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mPneumonia: Development of an Innovative mHealth Application for Diagnosing and Treating Childhood Pneumonia and Other Childhood Illnesses in Low-Resource Settings.

Ginsburg AS, Delarosa J, Brunette W, Levari S, Sundt M, Larson C, Tawiah Agyemang C, Newton S, Borriello G, Anderson R - PLoS ONE (2015)

Bottom Line: Pneumonia is the leading infectious cause of death in children worldwide.In an effort to address childhood pneumonia mortality and improve frontline health care providers' ability to diagnose, classify, and manage pneumonia and other childhood illnesses, PATH collaborated with the University of Washington to develop "mPneumonia," an innovative mobile health application using an Android tablet. mPneumonia integrates a digital version of the IMCI algorithm with a software-based breath counter and a pediatric pulse oximeter.The results of the field test provided valuable information for understanding the usability and acceptability of mPneumonia among health care providers, and identifying approaches to iterate and improve.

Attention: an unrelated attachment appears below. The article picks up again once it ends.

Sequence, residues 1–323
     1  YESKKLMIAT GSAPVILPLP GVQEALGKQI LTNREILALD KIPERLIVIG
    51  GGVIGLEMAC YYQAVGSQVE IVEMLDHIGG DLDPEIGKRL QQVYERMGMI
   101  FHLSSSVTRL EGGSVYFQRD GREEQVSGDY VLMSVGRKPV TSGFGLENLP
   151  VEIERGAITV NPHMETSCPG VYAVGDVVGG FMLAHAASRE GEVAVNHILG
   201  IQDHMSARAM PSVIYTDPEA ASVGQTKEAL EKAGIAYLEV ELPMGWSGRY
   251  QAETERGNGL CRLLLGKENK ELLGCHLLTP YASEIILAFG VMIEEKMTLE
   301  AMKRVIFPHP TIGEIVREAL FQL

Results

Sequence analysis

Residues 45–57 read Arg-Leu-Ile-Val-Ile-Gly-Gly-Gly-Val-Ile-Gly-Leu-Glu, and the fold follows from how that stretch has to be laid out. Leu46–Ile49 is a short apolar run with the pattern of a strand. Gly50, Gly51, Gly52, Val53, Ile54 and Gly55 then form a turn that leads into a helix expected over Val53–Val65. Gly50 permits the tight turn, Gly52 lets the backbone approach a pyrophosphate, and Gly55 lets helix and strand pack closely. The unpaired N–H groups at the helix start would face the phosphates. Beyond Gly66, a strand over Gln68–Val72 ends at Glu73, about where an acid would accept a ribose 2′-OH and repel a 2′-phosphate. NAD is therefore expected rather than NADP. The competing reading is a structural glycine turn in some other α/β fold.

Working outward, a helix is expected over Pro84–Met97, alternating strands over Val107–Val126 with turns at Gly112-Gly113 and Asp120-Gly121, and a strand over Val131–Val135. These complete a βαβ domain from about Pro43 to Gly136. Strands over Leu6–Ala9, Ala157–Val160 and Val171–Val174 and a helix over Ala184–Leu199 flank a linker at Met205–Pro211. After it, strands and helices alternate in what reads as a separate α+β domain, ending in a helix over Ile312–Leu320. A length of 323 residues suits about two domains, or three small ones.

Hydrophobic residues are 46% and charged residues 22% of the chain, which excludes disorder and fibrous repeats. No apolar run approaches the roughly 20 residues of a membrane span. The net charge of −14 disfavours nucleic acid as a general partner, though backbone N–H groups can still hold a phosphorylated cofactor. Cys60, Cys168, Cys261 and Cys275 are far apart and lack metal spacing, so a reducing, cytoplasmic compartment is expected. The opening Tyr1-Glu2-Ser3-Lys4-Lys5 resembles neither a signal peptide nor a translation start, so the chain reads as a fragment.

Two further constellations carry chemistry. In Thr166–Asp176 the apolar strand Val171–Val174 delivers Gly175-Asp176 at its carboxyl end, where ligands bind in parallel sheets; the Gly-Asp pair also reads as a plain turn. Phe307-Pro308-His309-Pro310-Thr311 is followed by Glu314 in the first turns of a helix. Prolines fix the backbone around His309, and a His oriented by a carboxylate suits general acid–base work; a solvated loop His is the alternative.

View Article: PubMed Central - PubMed

Affiliation: PATH, Seattle, Washington, United States of America.

ABSTRACT